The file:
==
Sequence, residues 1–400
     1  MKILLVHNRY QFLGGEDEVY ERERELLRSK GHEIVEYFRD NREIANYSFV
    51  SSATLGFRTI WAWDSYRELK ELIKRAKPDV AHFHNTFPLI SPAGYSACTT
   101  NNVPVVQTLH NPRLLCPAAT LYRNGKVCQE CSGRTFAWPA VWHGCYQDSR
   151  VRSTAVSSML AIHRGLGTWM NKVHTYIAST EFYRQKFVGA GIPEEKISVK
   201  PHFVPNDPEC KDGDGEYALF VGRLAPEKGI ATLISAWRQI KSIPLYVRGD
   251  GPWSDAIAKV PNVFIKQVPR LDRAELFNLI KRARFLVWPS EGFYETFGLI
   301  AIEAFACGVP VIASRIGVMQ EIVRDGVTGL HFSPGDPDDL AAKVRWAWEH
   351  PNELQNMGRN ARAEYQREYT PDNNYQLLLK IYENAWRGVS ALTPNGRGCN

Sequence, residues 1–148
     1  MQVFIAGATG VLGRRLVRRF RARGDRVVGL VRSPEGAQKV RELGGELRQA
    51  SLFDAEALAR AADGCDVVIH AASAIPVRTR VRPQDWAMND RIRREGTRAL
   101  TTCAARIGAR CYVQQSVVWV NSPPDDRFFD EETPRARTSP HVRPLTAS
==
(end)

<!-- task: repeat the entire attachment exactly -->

Sequence, residues 1–400
     1  MKILLVHNRY QFLGGEDEVY ERERELLRSK GHEIVEYFRD NREIANYSFV
    51  SSATLGFRTI WAWDSYRELK ELIKRAKPDV AHFHNTFPLI SPAGYSACTT
   101  NNVPVVQTLH NPRLLCPAAT LYRNGKVCQE CSGRTFAWPA VWHGCYQDSR
   151  VRSTAVSSML AIHRGLGTWM NKVHTYIAST EFYRQKFVGA GIPEEKISVK
   201  PHFVPNDPEC KDGDGEYALF VGRLAPEKGI ATLISAWRQI KSIPLYVRGD
   251  GPWSDAIAKV PNVFIKQVPR LDRAELFNLI KRARFLVWPS EGFYETFGLI
   301  AIEAFACGVP VIASRIGVMQ EIVRDGVTGL HFSPGDPDDL AAKVRWAWEH
   351  PNELQNMGRN ARAEYQREYT PDNNYQLLLK IYENAWRGVS ALTPNGRGCN

Sequence, residues 1–148
     1  MQVFIAGATG VLGRRLVRRF RARGDRVVGL VRSPEGAQKV RELGGELRQA
    51  SLFDAEALAR AADGCDVVIH AASAIPVRTR VRPQDWAMND RIRREGTRAL
   101  TTCAARIGAR CYVQQSVVWV NSPPDDRFFD EETPRARTSP HVRPLTAS